Just because athletes don’t take it in pill form, or rub it on their skin, or inject it, doesn’t make it less artificial. It’s going straight through their ears into their brain – the fastest intake method conceivable.

Major League Baseball has been rocked by steroid scandals in the past. It should take this opportunity to step up and lead. Ban music at games, and impose serious penalties on athletes who cheat by listening to music in the gym.

By Josh Orum
You can contact Josh at

Quick Slant: Seattle Takes Round 1 in the 2013 Battle for the NFC West

By Kevin York

Photo Credit: (Andy King/AP)

Photo Credit: (Andy King/AP)

Slant: Seahawks trade for Percy Harvin & Ravens trade Anquan Boldin to 49ers


We knew the NFC West was going to be a slugfest this year between San Francisco and Seattle. In the last week both teams made moves to upgrade their receiving corps with Seattle trading for Vikings receiver Percy Harvin and then San Francisco quickly countering by trading for Baltimore receiver Anquan Boldin. I actually like both moves, but the Seahawks made the much stronger play.

Percy Harvin is not just a receiver, he’s an offense. He can line up in the slot, at running back, at the wing, even at tight end. Don’t forget he can also return punts and kicks. Oh yeah, and he’s only 24. Anquan Boldin is a solid receiver, but at 32, provides diminishing returns at this stage of his career. Don’t get me wrong, he’s certainly a step up over Randy “I’m the greatest wide receiver ever” Moss, but I question just how much impact he’ll have on this Niners team. He’s not a blazing deep threat (which they could use) and he’s not that Wes Welker-type slot guy (which they also could use). He reminds me of an older, slower Michael Crabtree.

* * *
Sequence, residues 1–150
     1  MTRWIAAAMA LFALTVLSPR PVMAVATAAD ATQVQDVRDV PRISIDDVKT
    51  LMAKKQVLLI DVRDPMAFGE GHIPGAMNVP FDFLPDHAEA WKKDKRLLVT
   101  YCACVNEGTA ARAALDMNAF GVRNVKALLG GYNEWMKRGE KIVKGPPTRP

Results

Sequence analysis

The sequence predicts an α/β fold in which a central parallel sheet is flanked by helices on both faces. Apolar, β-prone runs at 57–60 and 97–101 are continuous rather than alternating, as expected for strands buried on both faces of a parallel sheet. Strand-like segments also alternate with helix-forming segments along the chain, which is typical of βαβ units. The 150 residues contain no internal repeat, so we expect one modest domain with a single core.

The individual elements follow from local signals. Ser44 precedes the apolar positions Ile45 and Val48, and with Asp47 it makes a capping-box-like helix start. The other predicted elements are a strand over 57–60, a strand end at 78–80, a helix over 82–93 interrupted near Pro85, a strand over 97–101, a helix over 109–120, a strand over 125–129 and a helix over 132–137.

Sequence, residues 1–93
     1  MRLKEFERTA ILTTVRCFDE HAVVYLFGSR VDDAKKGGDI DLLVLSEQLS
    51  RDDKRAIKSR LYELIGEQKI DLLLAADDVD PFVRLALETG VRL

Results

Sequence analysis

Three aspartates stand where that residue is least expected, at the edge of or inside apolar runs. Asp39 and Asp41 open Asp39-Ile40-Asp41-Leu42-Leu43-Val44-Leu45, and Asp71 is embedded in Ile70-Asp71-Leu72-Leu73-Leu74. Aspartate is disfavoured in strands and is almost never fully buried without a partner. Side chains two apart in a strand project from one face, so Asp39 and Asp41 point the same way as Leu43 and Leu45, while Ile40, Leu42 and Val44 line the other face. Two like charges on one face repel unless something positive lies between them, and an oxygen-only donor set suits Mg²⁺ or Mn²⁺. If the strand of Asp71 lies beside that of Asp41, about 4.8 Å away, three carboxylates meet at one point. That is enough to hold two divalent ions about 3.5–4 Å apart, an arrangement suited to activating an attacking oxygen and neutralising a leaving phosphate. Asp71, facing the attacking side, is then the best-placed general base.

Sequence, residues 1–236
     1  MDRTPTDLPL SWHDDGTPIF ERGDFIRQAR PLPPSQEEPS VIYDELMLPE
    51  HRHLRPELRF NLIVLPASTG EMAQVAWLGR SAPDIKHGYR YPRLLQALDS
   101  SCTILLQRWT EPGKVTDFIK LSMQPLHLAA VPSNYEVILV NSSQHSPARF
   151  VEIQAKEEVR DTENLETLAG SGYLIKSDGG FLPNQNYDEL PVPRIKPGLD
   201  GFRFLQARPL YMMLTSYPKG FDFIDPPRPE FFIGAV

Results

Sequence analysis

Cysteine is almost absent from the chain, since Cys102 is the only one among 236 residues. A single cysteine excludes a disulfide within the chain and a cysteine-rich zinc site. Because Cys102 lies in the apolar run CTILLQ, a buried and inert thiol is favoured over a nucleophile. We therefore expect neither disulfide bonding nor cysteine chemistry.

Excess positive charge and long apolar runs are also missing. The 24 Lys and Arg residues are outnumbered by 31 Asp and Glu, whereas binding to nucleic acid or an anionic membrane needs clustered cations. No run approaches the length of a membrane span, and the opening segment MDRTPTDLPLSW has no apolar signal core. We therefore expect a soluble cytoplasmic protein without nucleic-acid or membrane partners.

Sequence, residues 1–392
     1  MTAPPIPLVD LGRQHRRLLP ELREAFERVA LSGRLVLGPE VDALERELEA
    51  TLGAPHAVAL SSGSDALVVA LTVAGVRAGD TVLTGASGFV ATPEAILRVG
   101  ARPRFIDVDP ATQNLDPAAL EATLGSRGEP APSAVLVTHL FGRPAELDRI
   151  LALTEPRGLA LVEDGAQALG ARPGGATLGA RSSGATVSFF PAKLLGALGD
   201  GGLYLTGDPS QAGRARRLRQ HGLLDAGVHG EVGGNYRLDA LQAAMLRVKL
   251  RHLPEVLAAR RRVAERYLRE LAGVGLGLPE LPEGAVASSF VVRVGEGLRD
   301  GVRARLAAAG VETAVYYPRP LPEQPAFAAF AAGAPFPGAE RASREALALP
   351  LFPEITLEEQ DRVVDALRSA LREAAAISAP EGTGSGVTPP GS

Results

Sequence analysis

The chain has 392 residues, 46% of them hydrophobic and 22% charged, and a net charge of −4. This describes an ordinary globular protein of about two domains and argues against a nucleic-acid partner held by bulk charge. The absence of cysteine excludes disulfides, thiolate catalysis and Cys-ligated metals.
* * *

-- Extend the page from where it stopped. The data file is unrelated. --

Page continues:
I don’t want to get too deep into what each team gave up to get Harvin and Boldin, but I think the deals were fair. In this year’s draft, at the position they’re picking, I don’t see the Seahawks getting anything near the ability or impact of Percy Harvin in the first round. It was a deal worth making. And for San Francisco, a sixth round pick for Boldin? He’s worth more than that. Good value for them. Too often when ‘experts’ analyze deals like this they get too caught up on potential, especially for teams giving away draft picks. Look at the reality. The now. The 2013 draft is weak unless you need an offensive or defensive lineman or a linebacker.

In Harvin, the Seahawks now have a bona fide number one receiver to pair with a number of other offensive weapons – stud running back Marshawn Lynch, developing quarterback Russell Wilson, underrated receivers Golden Tate and Sydney Rice, and tight end Zach Miller. Combine that with what’s possibly the best defense in football (yes, better than San Francisco whose secondary let in down a lot toward the end of the season) and I have to say, they have a leg up on the Niners at this point. The battle for the NFC West will be fun to watch this year. Your move, San Francisco…

By Kevin York
Follow Kevin on Twitter at @kevin_york
You can contact Kevin at